Republican politicians in Florida have been on a rampage against ex-felons and workers in the state over the past few years. Newest in the lineup is a horrific proposal made by Sen. Jeff Brandes, R-St. Petersburg. The proposal would allow businesses to underpay those convicted of a felony, those under the age of 21, and those who are “hard to hire.”
This is an egregious bill for a number of reasons but looks especially poor when paired with the Republican implemented poll tax required for those same felons to get their fundamental rights back. This bill will make that even more difficult.
State officials have also continued to use prison labor, and from the outside, it looks like they have gotten a taste for cheap, unregulated labor from Floridians who have served their time. This continued targeting of current and released prisoners is harassment, especially in the face of continued referendums voted and passed by the citizens that are supposed to lighten the burden on ex-felons and start to dismantle the mass incarceration state.
On another note, Brandes is lying about companies struggling to hire felons and is under-evaluating their value. Even conservative researchers employed by the Charles Koch Institute found that “82% of managers…feel that the “quality of hire” for workers with criminal records is as high as or higher than that for workers without records.” Knowing this, Republicans are targeting ex-felons for simply trying to make a living.
Why should ex-felons, who are as effective as workers who are not ex-felons, be paid less for the same amount of work? Who is Brandes to devalue an entire population’s productivity because of their label?
While it is clear that Brandes is attempting to further the class divide in Florida, make no mistake, this could also contribute to the already rampant systemic racism. Black Americans are routinely over-policed across the country, and Florida is no exception. Because of this and because of existing systems of poverty and lack of educational resources, African Americans make up a huge portion of the felon population. In Florida, over 20% of Black men are convicted felons (higher than the U.S. average of 15%). On top of this, African American households in Florida made over $20,000 less on average than white households.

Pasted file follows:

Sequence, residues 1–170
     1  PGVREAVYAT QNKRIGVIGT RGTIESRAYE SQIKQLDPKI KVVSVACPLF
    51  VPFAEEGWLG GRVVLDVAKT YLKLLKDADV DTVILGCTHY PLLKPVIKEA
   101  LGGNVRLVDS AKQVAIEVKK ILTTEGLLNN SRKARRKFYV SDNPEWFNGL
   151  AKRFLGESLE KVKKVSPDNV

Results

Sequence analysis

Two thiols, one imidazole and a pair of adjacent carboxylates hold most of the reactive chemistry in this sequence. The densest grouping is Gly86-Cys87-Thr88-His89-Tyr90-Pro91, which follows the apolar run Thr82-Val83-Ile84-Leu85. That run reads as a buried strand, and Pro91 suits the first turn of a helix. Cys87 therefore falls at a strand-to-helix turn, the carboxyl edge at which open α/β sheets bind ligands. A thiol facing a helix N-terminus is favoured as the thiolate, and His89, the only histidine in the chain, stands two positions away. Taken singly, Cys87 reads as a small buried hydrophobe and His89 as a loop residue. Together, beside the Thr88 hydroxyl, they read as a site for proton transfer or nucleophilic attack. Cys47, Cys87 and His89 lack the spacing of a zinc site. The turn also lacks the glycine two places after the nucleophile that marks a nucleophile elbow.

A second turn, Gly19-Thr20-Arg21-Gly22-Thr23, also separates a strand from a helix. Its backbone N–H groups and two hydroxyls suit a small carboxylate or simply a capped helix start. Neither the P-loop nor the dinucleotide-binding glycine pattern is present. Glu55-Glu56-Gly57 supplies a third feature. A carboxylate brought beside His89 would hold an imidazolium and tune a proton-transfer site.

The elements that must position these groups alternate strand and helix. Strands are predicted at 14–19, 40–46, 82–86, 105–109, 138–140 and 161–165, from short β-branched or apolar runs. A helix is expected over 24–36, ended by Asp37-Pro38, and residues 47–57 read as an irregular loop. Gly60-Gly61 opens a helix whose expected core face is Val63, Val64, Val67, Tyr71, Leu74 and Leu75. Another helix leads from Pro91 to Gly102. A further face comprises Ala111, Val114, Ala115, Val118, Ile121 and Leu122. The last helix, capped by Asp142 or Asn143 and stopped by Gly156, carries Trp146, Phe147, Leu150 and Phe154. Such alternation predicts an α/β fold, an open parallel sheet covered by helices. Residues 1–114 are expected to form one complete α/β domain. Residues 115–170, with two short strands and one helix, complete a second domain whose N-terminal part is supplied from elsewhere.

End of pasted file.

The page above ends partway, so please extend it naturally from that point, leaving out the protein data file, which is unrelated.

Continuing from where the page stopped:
The effect of this legislation will be the continual entrapment of Black Floridians in cycles of poverty, lack of education, lack of resources, over-policing, prison labor and then underpaid labor. This alone should be enough to stop it in its tracks.
Beyond the issue of systemic racism, this proposal is just plain bad for working-class Americans of any race. By creating an even further divide between low-wage workers, it would be making it harder to collectively bargain. This would be making it harder to create unified goals like wage hikes and creates unclear wording in the legislature that would foster far too much instability in the protection of wage growth and labor rights.
The proposal also makes it possible that those under 21 and the ambiguous group of people that are “too hard to hire” receive lower wages. Who is classified as “hard to hire”? That is unclear. What is this wage? This is also unclear and Brandes did not specify. However, it is safe to say it will be a poverty wage as the current minimum wage is already unsustainable.
This bill is an attack on labor rights, equity and the Florida voter. Every citizen of the state of Florida needs to ask themselves, what is the point in voting for higher wages if the legislation is going to be stripped down and used against those same voters?
There is now a clear pattern of disrespect. Our politicians should be fighting to reverse systemic issues that have come to light in the last year. Instead, politicians like Brandes are lining their own pockets with donations from conservatives and business owners who would benefit from lower wages and increased profits and are pushing the issue of inequality further and further into an irreparable state.
We cannot allow this blatant disregard for our fellow Floridians to continue, and we must make it clear that actions that directly contradict our voices will have electoral consequences.
Featured Image: Florida Capitol Building. Unmodified Photo by Michael Rivera used under a Creative Commons License. (https://bit.ly/3r7OXq4)
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